“You’re not getting the points back on the test and that’s final!” screamed my math teacher. I held my ground. This wasn’t the first time I had argued for points on a test, which was evident in my thought provoking arguments. My teacher’s face was read with fury, his eyes were dead and tired, and his mind was fatigued. I could tell he was weakening. It took only two weeks of powerful arguments to win eight points back on my math test. People congratulated me on what they politely referred to as “persistence.” But they all knew the real reason: my stubbornness.
I’m the type of person that would rather be grounded for months or even years than swallow my pride. I would rather fight someone who challenged me than take the high road and walk away. And it all leads back to my stubbornness. Now teachers and parents have been preaching for years how wrong and immoral stubbornness is. I should know; I’ve heard it countless times. But the truth is they are wrong. I believe that stubbornness, when used correctly, is one of the best qualities to have.
If anyone was to ask a teacher or other adult to describe me they would simply role their eyes and mutter “stubborn.” I have the curse of thinking that my opinions are always the right ones. We as people have been raised believing we’re right. Our passion drives us to our relentless decisions. Passion and stubbornness make a deadly combination, but it’s that ruthless pair that make history. No one wants to fade into the background of unknown and washed out leader. We all want to be remembered for something. And it’s the stubborn people that have made and changed history.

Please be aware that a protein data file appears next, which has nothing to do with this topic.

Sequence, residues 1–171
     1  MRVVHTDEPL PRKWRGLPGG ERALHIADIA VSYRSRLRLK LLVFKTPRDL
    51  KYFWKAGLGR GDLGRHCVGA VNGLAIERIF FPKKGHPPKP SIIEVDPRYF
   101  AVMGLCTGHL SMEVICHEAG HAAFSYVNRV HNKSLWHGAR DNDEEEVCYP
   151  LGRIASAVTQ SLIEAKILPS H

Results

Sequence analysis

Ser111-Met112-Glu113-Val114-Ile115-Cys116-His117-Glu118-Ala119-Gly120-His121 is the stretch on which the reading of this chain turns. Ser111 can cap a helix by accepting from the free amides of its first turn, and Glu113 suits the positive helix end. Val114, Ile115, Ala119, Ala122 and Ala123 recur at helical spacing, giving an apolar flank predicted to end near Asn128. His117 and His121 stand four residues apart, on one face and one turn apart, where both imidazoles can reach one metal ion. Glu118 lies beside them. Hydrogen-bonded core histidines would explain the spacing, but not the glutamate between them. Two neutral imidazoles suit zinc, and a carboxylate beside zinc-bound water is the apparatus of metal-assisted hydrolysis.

Imagine the world today if people hadn’t been too stubborn to give up. What if Martin Luther King Jr. had said, “I’m only one person. I can’t abolish segregation?” We would be stuck in the racist world of the 1960’s. What would have happened if the Greeks and told the Turks, “Come on in and plunder our land. We would lose fighting to you anyway?” Greek history and inventions as we know it would not have survived. And what if Americans in the 1770’s said, “Let’s keep living this way under the British. Freedom is overrated anyway?” America today wouldn’t even exist! Wars and battles don’t need to be won on raw materials and troop numbers. The only thing that truly matters is how stubborn the people are to lose.
Virtues may stand saying stubbornness is dishonorable, but history stands saying the contrary. I know that I’ve most likely angered plenty of people because I refuse to give up, but I am honored to have the same quality as Martin Luther King Jr. and other so called rebels. Plus, winning back points on tests just happens to give me high grades. I believe in standing up for what you believe in. I believe in stubbornness.